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Middle School Can’t Be Digitized

Dispatch from the Frontlines of Care

June 25, 2020

We are proud to have a strong analytical focus on social reproduction here heat Spectre. The current pandemic is tragically proving that to which social reproduction theorists have long drawn attention: that work needed to sustain life and life-making, such as nursing, teaching, cleaning – in other words, care work – is essential for any society to function. Indeed, it is care work that makes all other work possible.

A social reproduction focus, however, is not simply a philosophical orientation, but is simultaneously a political project. This is why during this time of crisis, we want our readers to hear the voices of workers fighting on the frontlines of care.

The work of nurses, refuse workers, teachers, and farm workers, among others, is sustaining us through this crisis. Our series, Dispatches from the Frontlines of Care, serves to remind ourselves that it is the stockbroker and the corporate CEO who are disposable, and we want a world where they remain so. If you have a story for us, please write to the series editor Tithi Bhattacharya at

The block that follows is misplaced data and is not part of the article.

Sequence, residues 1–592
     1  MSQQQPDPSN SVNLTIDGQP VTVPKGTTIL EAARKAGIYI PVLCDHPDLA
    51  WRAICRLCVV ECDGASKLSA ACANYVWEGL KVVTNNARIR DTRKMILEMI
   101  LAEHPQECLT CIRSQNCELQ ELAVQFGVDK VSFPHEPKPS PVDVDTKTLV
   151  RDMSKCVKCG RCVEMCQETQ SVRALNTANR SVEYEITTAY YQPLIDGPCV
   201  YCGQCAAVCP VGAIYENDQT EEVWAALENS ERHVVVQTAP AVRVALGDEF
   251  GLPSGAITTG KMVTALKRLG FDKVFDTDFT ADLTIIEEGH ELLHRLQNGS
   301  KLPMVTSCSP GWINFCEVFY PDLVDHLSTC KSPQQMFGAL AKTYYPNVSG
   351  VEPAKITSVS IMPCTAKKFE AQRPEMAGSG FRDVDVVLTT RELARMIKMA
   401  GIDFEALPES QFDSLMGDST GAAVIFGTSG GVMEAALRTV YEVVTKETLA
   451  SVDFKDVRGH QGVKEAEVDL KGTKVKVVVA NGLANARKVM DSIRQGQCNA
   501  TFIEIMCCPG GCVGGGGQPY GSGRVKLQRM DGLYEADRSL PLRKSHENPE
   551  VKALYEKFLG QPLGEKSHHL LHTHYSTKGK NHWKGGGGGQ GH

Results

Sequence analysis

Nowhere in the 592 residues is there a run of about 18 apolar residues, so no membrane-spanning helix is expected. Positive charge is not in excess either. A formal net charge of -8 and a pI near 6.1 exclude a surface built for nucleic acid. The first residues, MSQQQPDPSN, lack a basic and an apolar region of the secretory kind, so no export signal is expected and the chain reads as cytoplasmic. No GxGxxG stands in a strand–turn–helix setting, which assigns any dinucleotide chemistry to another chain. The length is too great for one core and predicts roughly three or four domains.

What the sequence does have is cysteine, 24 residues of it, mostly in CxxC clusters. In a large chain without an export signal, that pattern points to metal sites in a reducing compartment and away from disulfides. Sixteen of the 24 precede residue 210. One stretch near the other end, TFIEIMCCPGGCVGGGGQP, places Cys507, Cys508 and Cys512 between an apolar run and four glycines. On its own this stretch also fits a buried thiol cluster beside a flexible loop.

School is consistently defined by the wrenching tension between internal rhythms of body and mind and the external drummings of the school day, the yearly calendar, and students’ churn of attention from one thing to the next. I often reach for time-related metaphors when attempting to illustrate the feel of working in a middle school building: being in the weeds, like a line cook behind on orders; the school bell as a boxing bell, signaling the start of another round, always coming too fast.

But we are not just passive in time’s motion. We are also agents who are actively changing one another and ourselves. Layered on top of the drum beat of the blocks and bells of the days and weeks is the melody of relationships, ideas, and people evolving and shifting in delicate relation to one another. When COVID pushed all of this — chaotically, nearly overnight — into digital space, the music didn’t stop, but it was muffled and distorted.

Middle school can’t really be captured in the electronic back and forth that marks “distance learning.” Middle school is the hallway at 7:45am, already buzzing with a distinct pulse of energy and mild discomfort. Middle school is the clumsy handsiness of friends in the cafeteria, who have an unstoppable urge to touch but are still working out how, and why. Middle school is the classroom tension, present not only between students but within students, of bursting curiosity and surging distractibility, of deeply felt compassion and furious judgement, of passive compliance and instinctual disobedience.